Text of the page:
Shades Of Gray Turn Sumptuous In ‘Chain Letter’

popgunIt’s nice to see Farel Dalrymple flying again. Pop Gun War, the serial comic he wrote back in the early 2000s, revolved around Sinclair, a young boy who got a pair of wings that let him soar through an urban dreamscape — a city known only as “The City.” Though grungy and often sad, The City was full of quirky possibilities. A dwarf in a tux and top hat grew taller than the skyscrapers. A large, floating, bespectacled goldfish hung around. A lonely man labeled everything in his apartment, even his own pants, “because people don’t always know what things are.”

Drawing Pop Gun War, Dalrymple established themes and a style that would stay with him for a decade and a half, all the way up to The Wrenchies, the 300-plus-page opus he published in 2014. Dalrymple is interested in dream visions and the floaty feeling you get in dreams — the way you’re always a bit detached from what’s happening, even when what’s happening is terrible, and it’s happening to you. He’s also interested in the way children approach life, especially their surprising resilience. But Dalrymple has no truck with the saccharine emotions that usually pollute such topics. He grounds his dreams and his children in a cluttered, dingy world drawn in tight lines and colored with lots of gray. The resulting contrasts make for a striking, unique vision.

Now Dalrymple is revisiting Pop Gun War — though, actually, he never really left it behind. The Wrenchies, especially, put a dark spin on the Pop Gun world with similar kids and similar landscapes. Remarkable though The Wrenchies was, the comparative warmth of this book comes as a nice leavener; The Wrenchies, though full of wonder, was also weighty. Solid. The characters had heavy problems. In The City, things are more carefree. If the denizens aren’t quite asking, “Hello, lamppost, whatcha knowing?” their problems don’t keep them from dwelling in the moment. At the sinister Doll Factory, for instance, the Frankenstein-like doll builder gives one of his minions a five-foot-long, prehensile lizard tail. The minion exults in his tail, dancing with it, waving it and admiring it in the mirror. All too soon he’ll lose it, but at least he will have had a few moments of joy.

The minion’s grief over his lost tail is actually rather poignant, but it’s also played for, if not laughs, then for a wry smile. People’s hang-ups always seem a bit ridiculous in The City. Falling from the sky in his capsule, an astronaut in a bulbous spacesuit winds up helping Sinclair and Addison, a friendly bum, rescue some kids from a burning building. “Hey, we make a good team!” the astronaut says happily. “Right, guys? High fives?” When nobody obliges him, he starts stewing. “Those guys were being snobs back there when I asked for a high five. What’s their problem? I just wanted to celebrate. I mean, I just fell from space. They could at least be cool with that.” Moments later he’s abducted by the Doll Factory, soon to be turned into a cyborg prizefighter. That’s just the way it goes in The City.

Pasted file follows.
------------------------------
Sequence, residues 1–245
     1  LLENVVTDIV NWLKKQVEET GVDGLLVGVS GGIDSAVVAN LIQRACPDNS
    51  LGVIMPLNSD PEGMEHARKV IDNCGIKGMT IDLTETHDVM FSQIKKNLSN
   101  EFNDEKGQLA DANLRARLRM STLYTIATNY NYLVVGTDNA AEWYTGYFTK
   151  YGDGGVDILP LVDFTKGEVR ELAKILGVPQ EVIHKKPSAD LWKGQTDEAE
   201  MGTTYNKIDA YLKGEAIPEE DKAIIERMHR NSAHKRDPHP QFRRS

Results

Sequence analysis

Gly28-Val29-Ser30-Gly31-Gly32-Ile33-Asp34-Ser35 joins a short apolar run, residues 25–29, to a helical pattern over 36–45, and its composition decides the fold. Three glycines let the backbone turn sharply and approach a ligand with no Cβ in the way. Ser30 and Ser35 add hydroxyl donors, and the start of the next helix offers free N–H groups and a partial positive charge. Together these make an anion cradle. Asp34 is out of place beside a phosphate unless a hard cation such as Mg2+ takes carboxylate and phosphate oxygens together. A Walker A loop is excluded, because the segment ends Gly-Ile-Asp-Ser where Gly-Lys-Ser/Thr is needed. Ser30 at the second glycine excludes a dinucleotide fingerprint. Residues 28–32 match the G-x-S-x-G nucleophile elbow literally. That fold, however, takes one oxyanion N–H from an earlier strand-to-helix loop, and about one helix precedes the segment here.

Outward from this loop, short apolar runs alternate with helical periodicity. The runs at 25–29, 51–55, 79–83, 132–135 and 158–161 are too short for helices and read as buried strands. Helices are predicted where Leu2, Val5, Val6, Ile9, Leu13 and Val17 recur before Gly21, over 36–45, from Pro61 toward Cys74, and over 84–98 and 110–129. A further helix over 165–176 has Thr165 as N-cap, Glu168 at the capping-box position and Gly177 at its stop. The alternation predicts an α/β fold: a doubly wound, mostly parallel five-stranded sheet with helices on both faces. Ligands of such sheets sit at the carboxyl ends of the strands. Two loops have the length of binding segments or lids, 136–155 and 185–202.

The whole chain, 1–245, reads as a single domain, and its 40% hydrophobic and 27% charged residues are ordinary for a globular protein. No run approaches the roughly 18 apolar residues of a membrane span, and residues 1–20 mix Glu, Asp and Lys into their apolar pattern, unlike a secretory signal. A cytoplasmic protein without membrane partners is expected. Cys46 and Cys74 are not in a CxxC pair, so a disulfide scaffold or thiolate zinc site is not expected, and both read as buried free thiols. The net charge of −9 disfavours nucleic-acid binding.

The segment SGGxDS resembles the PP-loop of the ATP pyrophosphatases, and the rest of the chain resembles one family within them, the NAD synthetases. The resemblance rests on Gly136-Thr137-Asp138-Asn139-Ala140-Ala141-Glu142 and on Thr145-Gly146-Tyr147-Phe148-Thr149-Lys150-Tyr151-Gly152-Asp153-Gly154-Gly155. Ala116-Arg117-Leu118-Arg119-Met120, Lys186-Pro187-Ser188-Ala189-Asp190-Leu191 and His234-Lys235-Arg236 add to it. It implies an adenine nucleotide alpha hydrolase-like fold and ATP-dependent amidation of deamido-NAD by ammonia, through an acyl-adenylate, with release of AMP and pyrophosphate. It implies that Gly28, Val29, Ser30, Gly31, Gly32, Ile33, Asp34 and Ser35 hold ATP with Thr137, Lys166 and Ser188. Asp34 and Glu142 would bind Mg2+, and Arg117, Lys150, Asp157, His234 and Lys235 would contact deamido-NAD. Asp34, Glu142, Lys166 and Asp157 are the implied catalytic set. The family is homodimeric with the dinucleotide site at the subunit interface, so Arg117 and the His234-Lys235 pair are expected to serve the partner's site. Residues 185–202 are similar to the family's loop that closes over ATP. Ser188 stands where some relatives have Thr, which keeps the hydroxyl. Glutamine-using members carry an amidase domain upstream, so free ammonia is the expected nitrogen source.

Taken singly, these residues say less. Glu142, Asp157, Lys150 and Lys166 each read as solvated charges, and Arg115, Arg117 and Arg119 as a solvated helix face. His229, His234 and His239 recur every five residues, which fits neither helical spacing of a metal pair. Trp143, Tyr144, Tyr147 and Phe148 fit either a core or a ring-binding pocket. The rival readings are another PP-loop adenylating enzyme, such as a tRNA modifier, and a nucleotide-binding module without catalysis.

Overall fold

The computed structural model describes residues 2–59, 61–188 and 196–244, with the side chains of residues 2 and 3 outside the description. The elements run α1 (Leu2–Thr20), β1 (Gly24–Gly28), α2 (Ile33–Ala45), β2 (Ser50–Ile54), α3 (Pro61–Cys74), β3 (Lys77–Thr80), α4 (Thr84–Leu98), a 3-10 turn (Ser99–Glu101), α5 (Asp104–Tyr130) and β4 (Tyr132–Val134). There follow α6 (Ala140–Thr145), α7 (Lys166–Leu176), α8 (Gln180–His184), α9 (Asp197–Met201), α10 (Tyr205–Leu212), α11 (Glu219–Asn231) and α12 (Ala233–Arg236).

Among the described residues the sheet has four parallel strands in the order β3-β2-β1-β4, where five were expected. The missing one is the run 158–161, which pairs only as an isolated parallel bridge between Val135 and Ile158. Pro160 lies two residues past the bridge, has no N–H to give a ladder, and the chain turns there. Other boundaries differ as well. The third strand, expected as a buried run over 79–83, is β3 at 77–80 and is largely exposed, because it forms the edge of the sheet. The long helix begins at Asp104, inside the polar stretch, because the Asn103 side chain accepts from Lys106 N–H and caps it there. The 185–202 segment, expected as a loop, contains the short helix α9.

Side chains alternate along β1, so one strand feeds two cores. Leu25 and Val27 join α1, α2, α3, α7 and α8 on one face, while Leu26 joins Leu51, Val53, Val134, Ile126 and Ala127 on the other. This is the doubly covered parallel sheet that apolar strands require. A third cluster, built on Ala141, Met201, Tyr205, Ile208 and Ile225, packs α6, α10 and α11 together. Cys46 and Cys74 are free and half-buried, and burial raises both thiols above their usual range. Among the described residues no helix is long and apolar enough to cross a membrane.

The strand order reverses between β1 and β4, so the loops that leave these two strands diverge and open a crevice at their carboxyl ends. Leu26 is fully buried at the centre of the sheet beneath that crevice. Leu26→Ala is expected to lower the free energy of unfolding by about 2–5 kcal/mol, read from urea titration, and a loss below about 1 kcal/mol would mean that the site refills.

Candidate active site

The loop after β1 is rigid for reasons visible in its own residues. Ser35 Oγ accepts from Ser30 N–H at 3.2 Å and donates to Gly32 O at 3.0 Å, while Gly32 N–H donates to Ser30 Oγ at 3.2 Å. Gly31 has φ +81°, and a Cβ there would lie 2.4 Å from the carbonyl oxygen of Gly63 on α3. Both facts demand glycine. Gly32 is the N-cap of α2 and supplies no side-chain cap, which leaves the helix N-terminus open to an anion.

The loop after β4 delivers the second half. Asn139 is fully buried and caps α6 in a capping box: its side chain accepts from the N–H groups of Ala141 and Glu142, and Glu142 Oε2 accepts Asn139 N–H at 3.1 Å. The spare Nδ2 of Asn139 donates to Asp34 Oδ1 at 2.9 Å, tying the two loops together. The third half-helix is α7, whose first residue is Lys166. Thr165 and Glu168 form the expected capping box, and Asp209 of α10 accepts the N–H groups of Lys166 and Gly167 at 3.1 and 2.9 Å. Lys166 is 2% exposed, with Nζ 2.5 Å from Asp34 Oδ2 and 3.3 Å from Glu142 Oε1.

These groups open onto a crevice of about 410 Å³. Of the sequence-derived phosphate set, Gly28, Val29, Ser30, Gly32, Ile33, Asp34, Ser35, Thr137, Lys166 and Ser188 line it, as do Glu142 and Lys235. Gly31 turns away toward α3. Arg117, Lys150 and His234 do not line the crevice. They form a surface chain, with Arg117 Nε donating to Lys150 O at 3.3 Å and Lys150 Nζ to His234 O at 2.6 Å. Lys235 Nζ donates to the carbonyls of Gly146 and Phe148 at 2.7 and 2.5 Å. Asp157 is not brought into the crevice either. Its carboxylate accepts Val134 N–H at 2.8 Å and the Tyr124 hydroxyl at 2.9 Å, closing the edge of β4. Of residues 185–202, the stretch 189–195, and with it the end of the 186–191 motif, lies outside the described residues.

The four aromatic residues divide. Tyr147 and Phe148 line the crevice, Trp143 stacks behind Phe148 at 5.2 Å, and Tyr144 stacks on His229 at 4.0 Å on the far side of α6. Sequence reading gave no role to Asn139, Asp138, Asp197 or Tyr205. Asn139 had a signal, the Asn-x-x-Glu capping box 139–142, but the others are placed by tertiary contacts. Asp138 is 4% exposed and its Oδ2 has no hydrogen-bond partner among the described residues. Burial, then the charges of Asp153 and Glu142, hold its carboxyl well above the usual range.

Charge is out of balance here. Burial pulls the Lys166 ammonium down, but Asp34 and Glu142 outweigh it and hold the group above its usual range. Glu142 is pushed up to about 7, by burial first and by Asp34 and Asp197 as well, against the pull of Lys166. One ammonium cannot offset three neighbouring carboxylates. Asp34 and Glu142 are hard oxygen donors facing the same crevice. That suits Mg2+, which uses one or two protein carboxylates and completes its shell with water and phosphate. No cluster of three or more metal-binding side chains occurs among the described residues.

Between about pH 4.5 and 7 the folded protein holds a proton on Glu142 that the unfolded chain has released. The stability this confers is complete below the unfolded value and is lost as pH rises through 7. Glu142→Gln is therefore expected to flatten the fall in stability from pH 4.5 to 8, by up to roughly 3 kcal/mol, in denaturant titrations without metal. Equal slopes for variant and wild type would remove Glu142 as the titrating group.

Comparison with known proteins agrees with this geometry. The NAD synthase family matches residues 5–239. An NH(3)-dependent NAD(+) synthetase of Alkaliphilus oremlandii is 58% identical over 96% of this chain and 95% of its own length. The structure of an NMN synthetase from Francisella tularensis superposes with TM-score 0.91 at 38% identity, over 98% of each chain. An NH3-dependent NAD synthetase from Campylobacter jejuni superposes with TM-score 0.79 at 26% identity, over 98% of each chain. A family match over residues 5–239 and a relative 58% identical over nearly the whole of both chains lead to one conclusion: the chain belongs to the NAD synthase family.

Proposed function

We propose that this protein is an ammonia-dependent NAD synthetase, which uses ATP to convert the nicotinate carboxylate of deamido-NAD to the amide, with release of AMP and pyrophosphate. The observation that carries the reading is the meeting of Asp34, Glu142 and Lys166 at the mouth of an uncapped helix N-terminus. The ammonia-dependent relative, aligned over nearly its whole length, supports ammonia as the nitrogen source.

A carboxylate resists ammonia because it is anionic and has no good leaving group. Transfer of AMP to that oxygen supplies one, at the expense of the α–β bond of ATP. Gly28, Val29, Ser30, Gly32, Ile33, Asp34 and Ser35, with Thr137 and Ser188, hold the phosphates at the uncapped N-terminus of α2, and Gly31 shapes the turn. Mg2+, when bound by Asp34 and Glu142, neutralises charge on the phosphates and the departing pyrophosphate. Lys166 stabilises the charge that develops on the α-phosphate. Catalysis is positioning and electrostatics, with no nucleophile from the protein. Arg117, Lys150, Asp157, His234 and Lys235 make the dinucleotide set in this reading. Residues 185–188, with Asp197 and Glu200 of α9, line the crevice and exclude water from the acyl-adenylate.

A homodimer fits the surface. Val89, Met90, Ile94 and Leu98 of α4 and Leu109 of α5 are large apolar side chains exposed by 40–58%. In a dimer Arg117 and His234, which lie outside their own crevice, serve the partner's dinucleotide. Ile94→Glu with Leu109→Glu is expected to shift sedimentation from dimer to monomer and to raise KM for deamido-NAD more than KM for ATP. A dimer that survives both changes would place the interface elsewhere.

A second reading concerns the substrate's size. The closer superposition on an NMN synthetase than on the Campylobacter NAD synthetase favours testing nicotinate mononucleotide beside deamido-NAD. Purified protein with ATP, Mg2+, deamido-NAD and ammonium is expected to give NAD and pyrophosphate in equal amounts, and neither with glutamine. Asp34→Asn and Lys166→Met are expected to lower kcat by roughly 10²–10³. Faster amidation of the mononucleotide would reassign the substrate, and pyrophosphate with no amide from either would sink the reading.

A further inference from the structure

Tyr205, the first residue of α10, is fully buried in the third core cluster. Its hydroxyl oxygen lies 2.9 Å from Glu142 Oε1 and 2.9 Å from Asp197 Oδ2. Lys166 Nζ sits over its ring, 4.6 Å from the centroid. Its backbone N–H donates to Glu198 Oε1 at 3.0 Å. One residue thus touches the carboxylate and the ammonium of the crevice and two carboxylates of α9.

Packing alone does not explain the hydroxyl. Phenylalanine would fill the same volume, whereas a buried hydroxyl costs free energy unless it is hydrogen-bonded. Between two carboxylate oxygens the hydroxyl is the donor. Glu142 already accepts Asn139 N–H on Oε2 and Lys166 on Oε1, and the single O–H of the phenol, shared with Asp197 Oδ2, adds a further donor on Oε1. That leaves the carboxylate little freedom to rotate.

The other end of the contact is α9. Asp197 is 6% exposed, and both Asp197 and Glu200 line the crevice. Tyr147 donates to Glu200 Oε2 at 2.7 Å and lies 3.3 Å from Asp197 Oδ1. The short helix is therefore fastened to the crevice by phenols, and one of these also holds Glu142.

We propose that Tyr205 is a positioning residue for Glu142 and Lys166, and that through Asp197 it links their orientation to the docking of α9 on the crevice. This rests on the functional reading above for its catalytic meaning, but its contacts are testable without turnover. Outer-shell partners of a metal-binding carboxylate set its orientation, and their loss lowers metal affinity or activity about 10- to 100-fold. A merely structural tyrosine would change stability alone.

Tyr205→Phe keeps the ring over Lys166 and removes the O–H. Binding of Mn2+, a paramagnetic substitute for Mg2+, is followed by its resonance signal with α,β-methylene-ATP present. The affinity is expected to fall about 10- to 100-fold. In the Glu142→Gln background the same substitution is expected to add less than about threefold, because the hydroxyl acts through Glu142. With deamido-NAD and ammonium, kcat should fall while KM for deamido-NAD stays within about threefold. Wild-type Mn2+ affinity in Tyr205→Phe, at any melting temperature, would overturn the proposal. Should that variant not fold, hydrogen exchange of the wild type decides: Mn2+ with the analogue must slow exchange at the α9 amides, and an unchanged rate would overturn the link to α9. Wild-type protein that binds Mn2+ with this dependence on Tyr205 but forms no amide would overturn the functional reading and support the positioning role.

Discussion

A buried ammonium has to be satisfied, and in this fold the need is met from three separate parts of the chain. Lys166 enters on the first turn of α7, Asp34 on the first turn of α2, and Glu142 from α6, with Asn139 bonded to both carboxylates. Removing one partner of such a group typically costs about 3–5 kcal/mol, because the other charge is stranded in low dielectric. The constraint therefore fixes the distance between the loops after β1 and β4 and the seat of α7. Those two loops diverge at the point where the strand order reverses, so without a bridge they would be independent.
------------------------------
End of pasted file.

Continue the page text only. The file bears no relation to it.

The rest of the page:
Dalrymple’s raw artistic skill is phenomenal — precise, flexible and strangely sumptuous, given that the main color he deploys is gray. (But gray isn’t just gray in Dalrymple’s world — it’s gorgeous layers of different hues, from graphite to blond with bits of everything else added in.) And he’s always happy to let images lead words, something even the best artists often have trouble doing.

These characters aren’t deep, true, but that’s really only a problem when it comes to the girls. 12-year-old Emily, Sinclair’s sister, is ostensibly the center of this book, but she winds up watching everyone else’s stories on TV. When she has a brief adventure of her own, it doesn’t shake her composure for a moment. She shows nothing, even to herself. That detachment marks one of the invisible limits of Dalrymple’s world: Even when dreaming of flight, it’s still hard for him to let go of the ground. Fortunately, that ground is the weird, complicated and surprising cement of The City.

From on June 22, 2017

Read more of Etelka Lehoczky’s work on books and the arts